I am truly an email geek — my Fourth of July was made all the better by the release of the Epsilon Q1 2016 Email Trends and Benchmarks Report. If you’ve been following me you know that I’ve been following the Epsilon Email Trends and Benchmarks Report since Q3 2006 — nearly 10 years.
Here’s what’s new and exciting in this quarter’s report:
1. Open Rates — for Both Business-as-usual and Triggered Email Messages — Hit a New High
Despite image blocking, open rates have been trending upward for years. This quarter both the business-as-usual and triggered open rate benchmarks hit new highs — see the chart below.
For those of you following along at home, here is the data:
- Business-as-usual Open Rate: 33.3%, this bested the most recent high of 32.2% reached in 4Q 2014
- Triggered Open Rate: 55.8%, which bested 55.6%, the last high point reached in 3Q 2014
2. Click-through Rates for Business-as-usual Email Messages Didn’t Decrease Quarter-over-Quarter
Seems like a hollow victory I know, but the fact that click-through rates didn’t decrease is actually big news. This hasn’t happened since 3Q 2013 — nearly 3 years ago.
Here’s the data:
- Business-as-usual Click-through Rate: 3.4%, an increase over 4Q 2015’s number which was 3.2%
- Triggered Click-through Rates have been fluctuating: the 11.4% we see for 1Q 2016 is above the 4Q 2015 data (10.5%) but equal to the 3Q 2015 number.
3. Click-to-Open Rates for Business-as-usual Email Messages Hit a New Low
The open rate was up and the click-through rate wasn’t down — but it still wasn’t enough to keep the business-as-usual click-to-open rate out of the gutter.
Once again, a chart:
And the data:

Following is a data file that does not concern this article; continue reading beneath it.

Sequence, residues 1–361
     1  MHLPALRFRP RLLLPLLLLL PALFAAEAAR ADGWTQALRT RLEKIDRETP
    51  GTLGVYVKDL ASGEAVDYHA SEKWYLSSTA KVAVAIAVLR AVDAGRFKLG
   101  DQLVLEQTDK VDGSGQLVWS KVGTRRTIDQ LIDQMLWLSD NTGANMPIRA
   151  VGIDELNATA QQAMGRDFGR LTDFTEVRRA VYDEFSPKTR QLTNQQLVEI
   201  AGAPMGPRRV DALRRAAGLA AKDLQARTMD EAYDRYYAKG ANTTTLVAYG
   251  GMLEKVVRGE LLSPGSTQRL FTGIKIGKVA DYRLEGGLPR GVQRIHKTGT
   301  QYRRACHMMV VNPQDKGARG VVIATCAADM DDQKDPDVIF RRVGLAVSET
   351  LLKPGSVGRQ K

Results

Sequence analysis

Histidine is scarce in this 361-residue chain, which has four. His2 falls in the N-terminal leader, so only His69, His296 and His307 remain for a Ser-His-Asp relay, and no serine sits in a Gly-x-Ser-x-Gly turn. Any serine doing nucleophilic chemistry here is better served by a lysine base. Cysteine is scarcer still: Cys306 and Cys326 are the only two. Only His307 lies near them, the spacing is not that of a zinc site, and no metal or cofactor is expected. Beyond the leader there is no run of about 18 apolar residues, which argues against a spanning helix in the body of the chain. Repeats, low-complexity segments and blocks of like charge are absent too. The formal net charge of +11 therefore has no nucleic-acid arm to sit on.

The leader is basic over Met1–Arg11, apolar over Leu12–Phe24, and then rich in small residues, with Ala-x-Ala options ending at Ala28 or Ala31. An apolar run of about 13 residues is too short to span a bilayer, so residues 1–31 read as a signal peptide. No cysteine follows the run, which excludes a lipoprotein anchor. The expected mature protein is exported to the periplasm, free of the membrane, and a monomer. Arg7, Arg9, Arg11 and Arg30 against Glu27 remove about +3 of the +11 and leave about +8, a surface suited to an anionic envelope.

- Business-as-usual Click-to-open rate for 1Q 2016 hit 10.2%, down from the 10.5% figure in 4Q 2015 and the lowest it’s been since at least 3Q 2006, the year I began keeping track.
- Triggered Click-to-open rates hit 20.4% in 1Q 2016, which is an improvement over 4Q 2015 (19.4%) and above the historic low of 18.3% (recorded in 3Q 2014). But this is still below the 21.0% and above figure recorded most recently in 2Q and 3Q 2015, as well as in the 2013 timeframe.
So what does all this mean for your email marketing efforts this month?
Not as much as you might think.
The key to successful email marketing isn’t to meet or even exceed the industry benchmarks. In truth, the benchmarks don’t mean much. For me they are a tale of what could be, something to shoot for. I’ve reported on the averages across all industries — there are also industry-specific benchmarks which I often look at when working with clients.
All that said, you can have a highly profitable program that lags industry benchmarks — and one that loses money but surpasses the industry averages for open and click rates.
What really matters is return-on-investment — how much revenue is your email marketing program generating compared to what it costs. That’s where the rubber hits the road and that’s what I goal to, whenever possible, with my clients.
But the industry benchmarks are still fascinating to me — and I hope you enjoy them too.